FBI official smooths agencies' relationship

Field office: A new director is credited with improving communication with the state's U.S. attorney.

September 20, 2004|By Stephanie Hanes | Stephanie Hanes,SUN STAFF

Partnership, good communication, terrific relationship. That's how Maryland U.S. Attorney Thomas M. DiBiagio describes his interaction with the FBI's Baltimore field office these days.

Yes, it's the same FBI he skewered in a memo 18 months ago as "a marginal presence, at best." The same agency that showed up on an internal U.S. attorney's office "to do" list made public last spring, with the objective: "Improve relationship with FBI."

The reason for the turnaround? Many familiar with the offices say it's Kevin Perkins, special agent in charge.

Perkins, a 44-year-old career agent who has worked in Kansas City, Atlanta, Philadelphia and FBI headquarters in Washington, took the helm of the Baltimore field office and its approximately 400 employees in late January. Since then, while guiding his office toward new official FBI priorities -- most notably terrorism and counterintelligence -- Perkins has also worked to smooth the relationship with DiBiagio.

"I work closely with Tom," he said. "Early on, I said `We need you, you need us.'"

The feeling, apparently, is mutual.

"Since Kevin has gotten here there's been a tremendous turnaround," DiBiagio said in an interview recently, while adding that he believes his past "professional disagreements" with the FBI have been blown out of proportion. "The communication is terrific."

Agents and prosecutors may have their private thoughts about leadership and the relationship between the two offices. But many say there's no doubt that Perkins has helped restore public civility, if not more, to their interactions. It doesn't hurt that Perkins and DiBiagio worked together on cases in the early 1990s, when Perkins was an agent in the Baltimore field office and DiBiagio was a federal prosecutor.

Many who know Perkins say they are not surprised by the development. Perkins is a savvy leader, they say, skilled at getting organizations to work together.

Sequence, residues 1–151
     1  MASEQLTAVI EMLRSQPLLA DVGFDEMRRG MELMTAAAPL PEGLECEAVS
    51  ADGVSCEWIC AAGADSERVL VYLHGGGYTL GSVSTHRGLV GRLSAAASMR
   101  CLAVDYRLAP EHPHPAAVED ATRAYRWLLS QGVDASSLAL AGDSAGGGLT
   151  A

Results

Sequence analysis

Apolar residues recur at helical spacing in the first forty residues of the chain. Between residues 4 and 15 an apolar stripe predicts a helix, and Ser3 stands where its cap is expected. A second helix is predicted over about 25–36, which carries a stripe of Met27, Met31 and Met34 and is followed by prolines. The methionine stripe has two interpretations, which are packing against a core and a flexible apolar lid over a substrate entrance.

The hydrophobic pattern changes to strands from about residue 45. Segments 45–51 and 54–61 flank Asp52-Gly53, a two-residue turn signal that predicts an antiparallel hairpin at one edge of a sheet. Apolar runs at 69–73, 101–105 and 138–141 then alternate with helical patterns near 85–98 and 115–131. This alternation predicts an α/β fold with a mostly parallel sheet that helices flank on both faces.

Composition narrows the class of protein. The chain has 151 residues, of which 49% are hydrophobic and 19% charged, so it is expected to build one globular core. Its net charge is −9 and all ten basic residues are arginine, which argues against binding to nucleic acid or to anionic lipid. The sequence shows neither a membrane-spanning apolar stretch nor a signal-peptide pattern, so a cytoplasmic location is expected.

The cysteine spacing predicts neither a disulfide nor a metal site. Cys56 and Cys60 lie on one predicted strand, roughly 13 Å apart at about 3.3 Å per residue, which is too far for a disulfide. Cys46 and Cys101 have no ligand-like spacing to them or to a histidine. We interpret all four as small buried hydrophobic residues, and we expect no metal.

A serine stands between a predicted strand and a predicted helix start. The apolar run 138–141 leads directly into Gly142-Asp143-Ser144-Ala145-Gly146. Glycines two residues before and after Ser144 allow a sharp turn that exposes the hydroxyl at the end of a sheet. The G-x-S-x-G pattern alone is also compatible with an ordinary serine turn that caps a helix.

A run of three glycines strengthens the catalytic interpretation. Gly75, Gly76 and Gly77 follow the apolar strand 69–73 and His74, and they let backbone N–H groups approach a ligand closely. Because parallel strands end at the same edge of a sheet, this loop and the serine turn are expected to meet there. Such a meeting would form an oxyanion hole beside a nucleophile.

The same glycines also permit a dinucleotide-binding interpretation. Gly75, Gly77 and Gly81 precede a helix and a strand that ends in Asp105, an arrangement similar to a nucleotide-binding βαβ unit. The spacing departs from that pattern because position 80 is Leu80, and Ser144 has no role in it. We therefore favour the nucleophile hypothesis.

"He's a terrific guy to work with," said Dennis R. Schrader, director of the governor's homeland security office. "The leadership that comes from the special agent in charge is critical to keep all those various folks from the various organizations working as a team."

Perkins and the Baltimore field office, which covers all of Maryland, are responsible for the Maryland-Delaware Joint Terrorism Task Force, as well as the Maryland Coordination and Analysis Center. But Perkins is loath to talk about his leadership role, giving praise instead to the agencies who run the operations.

"I've never seen a cooperative effort like I have in this territory," he said recently, sitting in his office in the new FBI headquarters building in Baltimore County.

But Perkins acknowledges it would be painting too glossy a picture to say that the FBI and other departments have shifted happily to a collaborative, terrorism-fighting focus.

Since Sept. 11, 2001, and the resulting criticism of the agency, FBI field offices across the country have had to remake themselves in accordance with new goals handed down by the top officials in the agency and administration. Perkins' predecessor, Gary Bald, oversaw much of the initial change, but it's now up to Perkins to keep steering the agency out of the tumult.

"The bureau has changed four or five times over its 100-plus-year history," Perkins said. "It's always hard ... but you're not going to chase the communist threat in the Cold War the same way you chase John Dillinger in the 1930s."

While he said he has embraced the agency's new goals, Perkins has also tried to prove to longtime agents that they will still fight public corruption, violent crime and other types of cases long associated with the FBI. He gives as examples the case against Nathan A. Chapman Jr., a Baltimore businessman convicted last month of fraud charges, and the recent indictments against men accused of robbing banks in Prince George's County with assault rifles.

That, he said, has made the transition easier for longtime FBI employees.

"They're adjusting to our new priorities," he said. "They're on board with it. They're seeing the benefit."

It has also helped win over DiBiagio, who says he sees eye-to-eye with Perkins about crime-fighting strategies.

"Kevin and I just agree," said DiBiagio, who has called fighting public corruption, violent crime and drug conspiracies his top goals. "I'll say, `Kevin, we'd like you to take a harder look at this,' and he'll say, `Yeah, I was just feeling the same way.'"

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